Confirmation of the Genoese version of the origin of the fortress can be a letter from the governor Stefan Petriceiku dated March 30, 1673 to the people of Genoa, where he, in the text of the letter, speaking of the fortress of Tigina, directly calls it belonging to the Genoese (Genovese).
What do respected encyclopedias say about Bender?
Geographic Encyclopedia: "In the 12th century (Here) the Slavic Tigin arose, in the XIII century it was captured by the Genoese, who built the citadel, in the XIV century (captured)Moldavian princes, in 1538 - the Turks.
Great Soviet Encyclopedia: "In the XII century, on the site of an ancient settlement, the Genoese built a fortress.
Soviet Historical Encyclopedia: "In the XII century, it - the settlement of Tyagin was conquered by the Genoese, who built a citadel with towers.
Encyclopedia of Brockhaus and Efron: "... Bendery was first fortified during the era of Genoese domination on the Black Sea coast.
In the encyclopedia dedicated to the history of rivers, in the section on the Dniester River, it says: “In the XII century, Russian chronicles indicate the existence of the Belgorod colony at the mouth of Tiras, which arose on the site of the Greek policy of Tyre. Since that time, the trade influence of the Genoese on the Dniester has been increasing. They establish a number of trading posts on the river, for the protection of which they build fortresses in Bendery (Tyaginya Kyacha), Soroka (Olkhion), Khotyn and Belgorod.
We return to the works of the historian A. Zashchuk. In another section of his work, devoted to the description of the tribes, customs and customs of the peoples of Bessarabia, A. Zashchuk writes: “In the XII century, the Genoese are here. Along the Danube and Dniester rivers, they settled colonies, built cities and had trade in these places for about four centuries. The walls, towers and loopholes of the castles of Khotinsky, Olkhinsky (Soroka), Tiginsky (Bendery), Palansky and Monkastro (Akkerman) remind them to this day.”
In the edition of the Chisinau Diocesan Gazette of 1874, they not only mention the Genoese in Bendery, but even describe the fortress itself: “Under the Genoese, the city of Bendery was limited to one castle, which still exists and an insignificant group of huts, incorrectly scattered on three sides of the castle. This castle consisted of eight high towers ... In the houses located on the outside of the castle, partly Genoese servants lived, partly Moldovian natives, the latter were engaged in fishing on a small scale, as well as rafting of Genoese ships ... When exactly the Genoese lost dominion over the Tigin castle, i.e. whether they ceded it to the Moldavian ruler Stephen the Great ... or whether they ceded it to the power of the weapon of the formidable conqueror of the Turkish Bayazet 2nd, is unknown.
When considering the Genoese version of the origin of the Bendery fortress (and not only it), the question always arises - why are the Genoese not mentioned in any of the sources as owners of this or that colony, territory, trading post, fortress, despite the fact that they invested considerable capital in the construction of trading posts? To find the correct answer, one should consider the general political and economic situation of that time. It is also very important to understand that these territories had an owner, no matter how he was called: “supreme ruler” or “prince”; but the Genoese were not these masters. The supreme owners of these lands and everything that was on them (including the Genoese colonies) at that time were the Tatar khans. They gave the Genoese "permits" for construction and trade, but gave them complete independence. In 1380, the Genoese infantry even participated on the side of Mamai in the Battle of Kulikovo. Despite this vassalage, the Genoese colonies in the Northern Black Sea region were repeatedly attacked and devastated by the Tatar khans.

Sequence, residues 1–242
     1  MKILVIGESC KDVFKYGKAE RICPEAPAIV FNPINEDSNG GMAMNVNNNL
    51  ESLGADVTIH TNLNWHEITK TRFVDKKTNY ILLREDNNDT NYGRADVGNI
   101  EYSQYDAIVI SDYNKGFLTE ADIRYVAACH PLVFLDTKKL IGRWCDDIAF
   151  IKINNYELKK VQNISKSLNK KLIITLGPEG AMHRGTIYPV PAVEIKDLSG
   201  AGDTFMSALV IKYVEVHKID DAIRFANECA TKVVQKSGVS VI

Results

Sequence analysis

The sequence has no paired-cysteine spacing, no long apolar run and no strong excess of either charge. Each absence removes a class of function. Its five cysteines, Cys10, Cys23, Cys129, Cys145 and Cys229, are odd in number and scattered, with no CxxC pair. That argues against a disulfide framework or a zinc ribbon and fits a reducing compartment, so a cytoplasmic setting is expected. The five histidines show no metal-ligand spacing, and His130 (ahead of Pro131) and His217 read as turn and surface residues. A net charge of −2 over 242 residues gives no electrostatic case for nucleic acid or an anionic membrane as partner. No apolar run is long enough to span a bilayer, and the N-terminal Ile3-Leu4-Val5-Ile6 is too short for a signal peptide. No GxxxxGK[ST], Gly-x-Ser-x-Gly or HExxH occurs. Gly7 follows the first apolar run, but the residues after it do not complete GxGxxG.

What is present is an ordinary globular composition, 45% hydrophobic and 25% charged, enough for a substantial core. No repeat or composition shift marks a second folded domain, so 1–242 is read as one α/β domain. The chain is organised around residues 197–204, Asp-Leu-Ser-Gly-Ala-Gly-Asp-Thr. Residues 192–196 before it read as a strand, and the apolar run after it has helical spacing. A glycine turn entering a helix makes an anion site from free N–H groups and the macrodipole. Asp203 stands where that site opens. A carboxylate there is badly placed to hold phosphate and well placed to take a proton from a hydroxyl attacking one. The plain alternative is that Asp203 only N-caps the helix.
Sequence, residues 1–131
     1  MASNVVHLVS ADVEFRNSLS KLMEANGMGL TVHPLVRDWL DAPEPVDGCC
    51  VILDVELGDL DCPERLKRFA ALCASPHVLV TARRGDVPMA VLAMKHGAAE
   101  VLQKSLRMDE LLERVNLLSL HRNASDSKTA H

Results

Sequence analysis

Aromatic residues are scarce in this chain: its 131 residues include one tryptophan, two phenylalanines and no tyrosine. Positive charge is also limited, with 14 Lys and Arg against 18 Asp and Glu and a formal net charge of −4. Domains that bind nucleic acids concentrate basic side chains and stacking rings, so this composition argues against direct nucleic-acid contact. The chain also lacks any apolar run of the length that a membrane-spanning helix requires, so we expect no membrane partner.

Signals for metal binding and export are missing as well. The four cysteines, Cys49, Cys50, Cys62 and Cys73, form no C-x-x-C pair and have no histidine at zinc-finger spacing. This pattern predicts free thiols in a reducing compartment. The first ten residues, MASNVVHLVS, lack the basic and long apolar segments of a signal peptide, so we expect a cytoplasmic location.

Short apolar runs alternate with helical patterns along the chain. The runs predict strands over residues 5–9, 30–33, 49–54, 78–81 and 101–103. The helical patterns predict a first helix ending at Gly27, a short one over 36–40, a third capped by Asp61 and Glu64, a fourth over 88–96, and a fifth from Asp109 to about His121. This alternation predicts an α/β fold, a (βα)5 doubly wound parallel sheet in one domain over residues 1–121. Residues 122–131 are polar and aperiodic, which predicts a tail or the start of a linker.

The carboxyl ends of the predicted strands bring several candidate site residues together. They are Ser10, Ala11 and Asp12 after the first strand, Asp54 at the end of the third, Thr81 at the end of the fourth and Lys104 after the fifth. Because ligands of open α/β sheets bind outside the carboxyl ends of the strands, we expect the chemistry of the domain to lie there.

After the crusades, in an effort to expand the scope of their trade operations and wishing to monopolize trade in the Black Sea in general, with the support of Byzantium, the Genoese sought from the protege of the Golden Horde in the Crimea, Mangu Khan, to transfer Kafa (modern Theodosia) to them in 1266. Kafa becomes the base, the center of trade of the Genoese. In 1357, the Genoese captured Cembalo (Balaklava), in 1365 - Soldaya (Sudak). At the mouth of the Dniester, Samastro (or Monkastro, modern Belgorod-Dnestrovsk) becomes the largest trading post of the Genoese; on the Black Sea coast - Ginestra (Odessa), and at the mouth of the Danube - Likostomo (Kiliya). Also, they are laying the small, above-mentioned trading posts directly already along the Dniester.
If we trace the settlements mentioned above from the Dniester estuary, up to the sources of the Dniester (upstream): Belgorod (Moncastro), Palanka, Tigina, Soroki, Khotyn, then one or another activity of the Genoese is noted everywhere. These colonies were inhabited by representatives of different peoples. Greeks, Armenians, Italians, Jews, Tatars, Circassians and other peoples lived in them. Factories, as a rule, were well fortified, there were military garrisons in the fortresses